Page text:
The stakes continue to climb higher, and so voices of courage need to be stronger in the public sphere, for the common good.  The Episcopal Church has consistently taken positions to limit and heal from gun violence, with General Convention resolutions dating to 1976.  

In this spirit, Grace Cathedral is embarking on an extended campaign, “Beyond Thoughts and Prayers: Responding Faithfully to Gun Violence.” Through education, the arts, community partnerships, solidarity, and advocacy, we will explore the cathedral community’s role in healing this plague of violence by joining with other concerned communities and by supporting legislation that results in fewer guns on our streets.  

On October 8, at 12:30 pm, join Jahan Fahimi, Medical Director of the Emergency Department at UCSF, whose groundbreaking research and advocacy centers on gun violence as a public health crisis. With cathedral trustee and fellow UCSF faculty and physician Lenny Lopez, Fahimi will reflect on the epidemic and the opportunities for advocacy and reform.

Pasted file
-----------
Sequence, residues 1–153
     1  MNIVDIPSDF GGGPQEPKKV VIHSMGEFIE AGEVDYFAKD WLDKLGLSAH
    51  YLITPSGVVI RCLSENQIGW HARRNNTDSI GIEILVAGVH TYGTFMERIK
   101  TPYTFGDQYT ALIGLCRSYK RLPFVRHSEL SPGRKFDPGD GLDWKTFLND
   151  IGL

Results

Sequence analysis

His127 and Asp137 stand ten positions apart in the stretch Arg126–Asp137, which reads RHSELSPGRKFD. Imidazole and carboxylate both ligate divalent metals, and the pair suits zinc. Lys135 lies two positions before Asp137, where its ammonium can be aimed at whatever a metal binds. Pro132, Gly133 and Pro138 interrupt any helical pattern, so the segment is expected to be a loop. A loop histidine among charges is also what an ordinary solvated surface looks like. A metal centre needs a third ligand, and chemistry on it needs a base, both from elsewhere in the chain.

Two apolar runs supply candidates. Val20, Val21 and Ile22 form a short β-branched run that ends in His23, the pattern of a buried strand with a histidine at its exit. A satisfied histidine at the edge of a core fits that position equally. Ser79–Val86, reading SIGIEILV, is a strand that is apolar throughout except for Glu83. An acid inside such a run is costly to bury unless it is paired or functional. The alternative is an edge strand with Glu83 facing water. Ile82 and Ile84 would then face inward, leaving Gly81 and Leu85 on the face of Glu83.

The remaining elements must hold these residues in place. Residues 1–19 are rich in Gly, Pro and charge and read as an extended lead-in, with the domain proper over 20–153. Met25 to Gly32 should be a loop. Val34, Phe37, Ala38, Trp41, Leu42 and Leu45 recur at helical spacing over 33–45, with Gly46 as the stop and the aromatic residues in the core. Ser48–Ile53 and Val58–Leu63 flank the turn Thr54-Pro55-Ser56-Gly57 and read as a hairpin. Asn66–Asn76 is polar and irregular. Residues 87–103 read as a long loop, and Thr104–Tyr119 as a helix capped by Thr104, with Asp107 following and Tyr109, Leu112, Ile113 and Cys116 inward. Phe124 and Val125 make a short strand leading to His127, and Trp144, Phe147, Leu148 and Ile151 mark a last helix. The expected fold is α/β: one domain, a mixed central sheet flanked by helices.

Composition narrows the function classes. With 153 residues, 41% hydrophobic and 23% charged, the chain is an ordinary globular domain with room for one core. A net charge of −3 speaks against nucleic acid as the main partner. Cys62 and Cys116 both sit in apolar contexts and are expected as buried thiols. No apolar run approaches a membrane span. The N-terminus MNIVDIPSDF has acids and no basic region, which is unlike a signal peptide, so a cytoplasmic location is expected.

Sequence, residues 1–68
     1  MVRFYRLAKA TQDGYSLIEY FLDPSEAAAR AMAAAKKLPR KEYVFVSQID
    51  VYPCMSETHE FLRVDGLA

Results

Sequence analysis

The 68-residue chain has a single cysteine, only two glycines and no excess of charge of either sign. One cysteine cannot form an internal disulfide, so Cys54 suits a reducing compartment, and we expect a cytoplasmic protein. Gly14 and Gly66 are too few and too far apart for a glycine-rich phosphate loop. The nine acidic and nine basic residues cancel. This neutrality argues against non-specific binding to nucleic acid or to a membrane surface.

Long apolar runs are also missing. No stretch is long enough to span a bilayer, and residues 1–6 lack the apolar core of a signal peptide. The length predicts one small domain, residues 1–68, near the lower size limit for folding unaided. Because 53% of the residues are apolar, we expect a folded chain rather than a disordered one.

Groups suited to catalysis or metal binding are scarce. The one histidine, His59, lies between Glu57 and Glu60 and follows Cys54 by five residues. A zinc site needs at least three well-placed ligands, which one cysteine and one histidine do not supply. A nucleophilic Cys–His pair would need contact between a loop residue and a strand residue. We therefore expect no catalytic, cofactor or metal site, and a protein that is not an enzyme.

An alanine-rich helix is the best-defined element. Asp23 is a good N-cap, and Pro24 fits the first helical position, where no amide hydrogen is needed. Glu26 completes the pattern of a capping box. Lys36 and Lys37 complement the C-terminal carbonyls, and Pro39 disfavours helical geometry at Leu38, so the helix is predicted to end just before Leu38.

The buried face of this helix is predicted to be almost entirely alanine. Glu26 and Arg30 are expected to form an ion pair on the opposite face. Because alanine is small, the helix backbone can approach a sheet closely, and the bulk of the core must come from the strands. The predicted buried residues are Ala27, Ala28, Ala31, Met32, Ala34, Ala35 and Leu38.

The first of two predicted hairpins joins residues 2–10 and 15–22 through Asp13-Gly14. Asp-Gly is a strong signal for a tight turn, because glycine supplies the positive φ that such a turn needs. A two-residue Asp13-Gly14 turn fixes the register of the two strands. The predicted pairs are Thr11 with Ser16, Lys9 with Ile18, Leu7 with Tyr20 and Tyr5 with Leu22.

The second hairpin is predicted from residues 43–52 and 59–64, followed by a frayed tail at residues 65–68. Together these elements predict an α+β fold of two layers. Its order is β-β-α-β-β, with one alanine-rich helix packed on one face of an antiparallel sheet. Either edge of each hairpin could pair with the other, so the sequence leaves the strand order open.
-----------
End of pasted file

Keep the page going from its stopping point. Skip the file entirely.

Dear Friends, 

On the night of Jesus’ betrayal, the Gospel according to John records an extended teaching, which scholars term Jesus’ “Farewell Discourse.” In its narrative context, the lyrical, mystical poetry is intended to shore up the disciples and prepare them for Jesus’ glorification on the cross and ultimate return to the Father. Jesus prays: “Holy Father, protect them in your name that you have given me, so that they may be one, as we are one.” (John 17:11 NRSV) And Jesus continues: “I in them and you in me, that they may become completely one, so that the world may know that you have sent me and have loved them even as you have loved me.” (17:23) 

Theologians have understood the unity of which Jesus spoke as proleptic (already and not yet), or eschatological (fulfilled at the end of time). We might look to it as both vocational and aspirational — that is, it is the work and hope of every Christian, by the grace of God working in us. And while this work is common to the whole Church and shared among its members, it is particularly expressed in the Episcopate, the Order of Bishops.